As a guy who covers news, I’m on the road a lot. Perhaps you are too. If so, odds are pretty good that we share a common gripe: A lot of people don’t know how to drive.
Here’s the dirty secret: Some of them are TV news photographers.
I am, of course, a fabulous driver. I never drive too fast, drive too slow, tailgate, abruptly change lanes, or clog the fast line with my slow-moving vehicle. I would argue that driver-wise, I’m pretty much the best there is (although, in fairness, my insurance company and cops from south Georgia to South Carolina to Nebraska to Pennsylvania to Louisiana might quibble with my self-assessment).
One news photographer with whom I’ve worked liked nothing more than to apply the brakes when approaching green lights. His thinking seemed to be that if the light was fixin’ to turn yellow, he wanted to be ready to grind to a halt. We were frequently the last crew in town to arrive at news incidents.
I’ve worked with a photographer who habitually and randomly applied the brakes while driving on an interstate. Frequently, he would slow waaaay down for no discernible reason while the rest of traffic whizzed by on both sides. There was no logic to it, except an apparent desire to be cautious, accompanied by sheer obliviousness to the danger he was causing.
I’ve worked with a photographer who treated every familiar interchange like a completely new adventure. Turn lane? Oh, right. There’s a turn lane. I guess I need to use it. I’ve used it a thousand times in my career, but I don’t actually move into the turn lane until I’ve come to a halt in the adjacent lane. Sorry about that folks — mind if I move over? (Friendly wave, chorus of horns.)
I’ve worked with numerous photographers who viewed the use of the left lane on interstate highways as a birthright, rather than a lane for passing slower traffic. From the passengers seat, I’d glance out the exterior mirror, see the line of traffic clogged behind us, and cringe while the driver / photog cluelessly advances twenty miles up the highway. And when other motorists fly past us on the right, I’d lean way back in the passenger seat so they can’t see me as they glare angrily into our vehicle.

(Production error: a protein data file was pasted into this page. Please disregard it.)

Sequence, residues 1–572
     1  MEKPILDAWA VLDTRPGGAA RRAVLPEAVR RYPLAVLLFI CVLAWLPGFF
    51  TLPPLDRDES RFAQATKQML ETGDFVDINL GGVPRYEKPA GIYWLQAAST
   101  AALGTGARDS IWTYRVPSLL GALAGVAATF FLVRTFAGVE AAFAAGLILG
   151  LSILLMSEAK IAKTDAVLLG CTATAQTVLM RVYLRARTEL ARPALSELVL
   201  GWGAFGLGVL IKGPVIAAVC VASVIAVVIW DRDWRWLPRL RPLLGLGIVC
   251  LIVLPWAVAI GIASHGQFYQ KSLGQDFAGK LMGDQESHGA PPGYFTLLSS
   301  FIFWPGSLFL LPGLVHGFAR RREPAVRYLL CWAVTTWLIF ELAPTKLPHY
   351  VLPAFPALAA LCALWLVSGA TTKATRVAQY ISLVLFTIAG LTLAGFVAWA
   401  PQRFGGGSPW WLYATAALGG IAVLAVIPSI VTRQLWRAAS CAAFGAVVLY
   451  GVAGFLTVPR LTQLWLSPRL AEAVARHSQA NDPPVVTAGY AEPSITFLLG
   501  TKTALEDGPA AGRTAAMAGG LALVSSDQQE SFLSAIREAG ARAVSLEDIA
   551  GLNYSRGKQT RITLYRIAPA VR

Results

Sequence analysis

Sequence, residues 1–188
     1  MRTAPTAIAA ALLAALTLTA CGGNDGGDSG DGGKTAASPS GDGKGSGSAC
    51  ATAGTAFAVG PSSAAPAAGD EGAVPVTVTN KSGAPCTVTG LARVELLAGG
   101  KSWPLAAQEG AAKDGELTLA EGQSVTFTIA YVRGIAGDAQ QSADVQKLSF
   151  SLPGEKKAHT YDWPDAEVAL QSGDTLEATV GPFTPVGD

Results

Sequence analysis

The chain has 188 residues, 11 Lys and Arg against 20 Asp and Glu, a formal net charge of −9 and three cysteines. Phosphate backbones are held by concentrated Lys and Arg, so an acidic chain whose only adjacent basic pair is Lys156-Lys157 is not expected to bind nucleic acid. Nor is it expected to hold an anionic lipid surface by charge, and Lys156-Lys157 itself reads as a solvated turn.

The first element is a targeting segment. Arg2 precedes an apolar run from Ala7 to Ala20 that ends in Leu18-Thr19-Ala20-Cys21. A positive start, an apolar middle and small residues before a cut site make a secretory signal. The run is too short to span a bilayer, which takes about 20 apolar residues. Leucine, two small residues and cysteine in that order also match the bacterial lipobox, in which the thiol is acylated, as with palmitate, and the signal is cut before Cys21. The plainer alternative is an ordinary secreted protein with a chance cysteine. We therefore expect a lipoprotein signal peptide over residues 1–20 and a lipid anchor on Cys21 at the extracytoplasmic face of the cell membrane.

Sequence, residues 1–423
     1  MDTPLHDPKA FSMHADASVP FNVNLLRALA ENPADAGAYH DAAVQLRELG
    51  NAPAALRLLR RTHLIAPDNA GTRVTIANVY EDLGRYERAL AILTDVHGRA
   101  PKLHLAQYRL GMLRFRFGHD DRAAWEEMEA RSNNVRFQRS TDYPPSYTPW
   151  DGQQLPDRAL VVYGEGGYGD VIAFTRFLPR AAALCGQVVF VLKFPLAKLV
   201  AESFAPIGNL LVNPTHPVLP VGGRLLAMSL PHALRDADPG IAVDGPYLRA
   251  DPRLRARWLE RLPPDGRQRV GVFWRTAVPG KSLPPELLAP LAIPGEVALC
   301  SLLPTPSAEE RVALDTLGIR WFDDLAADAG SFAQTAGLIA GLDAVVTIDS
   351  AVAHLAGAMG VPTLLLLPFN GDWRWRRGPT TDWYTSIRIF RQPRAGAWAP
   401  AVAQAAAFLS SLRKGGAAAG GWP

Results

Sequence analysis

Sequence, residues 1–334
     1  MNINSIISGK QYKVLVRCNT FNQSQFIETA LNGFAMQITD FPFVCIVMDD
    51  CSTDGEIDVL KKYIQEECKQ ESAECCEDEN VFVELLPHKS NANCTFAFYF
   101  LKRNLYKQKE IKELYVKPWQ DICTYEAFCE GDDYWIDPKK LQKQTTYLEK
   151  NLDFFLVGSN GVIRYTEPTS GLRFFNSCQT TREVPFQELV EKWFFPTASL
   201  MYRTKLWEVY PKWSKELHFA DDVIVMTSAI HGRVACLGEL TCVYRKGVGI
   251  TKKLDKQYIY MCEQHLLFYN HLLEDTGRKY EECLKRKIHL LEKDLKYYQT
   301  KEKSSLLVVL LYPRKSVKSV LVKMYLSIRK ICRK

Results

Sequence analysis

I’ve worked with a handful of photogs who passive-aggressively do the double-nickel on interstates at all times, regardless of the actual speed of surrounding traffic or the haste needed to get to a story on a timely basis. “The station’s not gonna pay for my speeding ticket,” they’ll correctly but bitchily fume while grimly assuming a spot as the slowest vehicle on the road.
I should hasten to add: The vast majority of photogs with whom I’ve worked are skilled and safe drivers. The folks I’m writing about here are the exception.
Here’s the weird thing: When I, the model motorist, encounter crappy drivers, they piss me off. I automatically judge these strangers to be fools, numbskulls, lowlifes, morons, idiots and / or brain-dead. (Unless they’re behind the wheel of a Buick Riviera or a Lincoln Town Car, in which case I will judge them to be somebody’s elderly grandparent.)
Yet every single one of these lousy drivers with whom I have worked are otherwise enlightened in the ways of the world, considerate to other people, have above-average intelligence and are not what you’d consider to be elderly. Most of them are people whose presence has actually brightened my career. In other words, they aren’t fools, numbskulls, lowlifes, morons, idiots and / or brain-dead. They’re mostly a credit to humanity and to TV news, except while driving.
Like the photog who sloppily parks his news car overlapping two spaces. He’s the sweetest friggin’ guy in the building.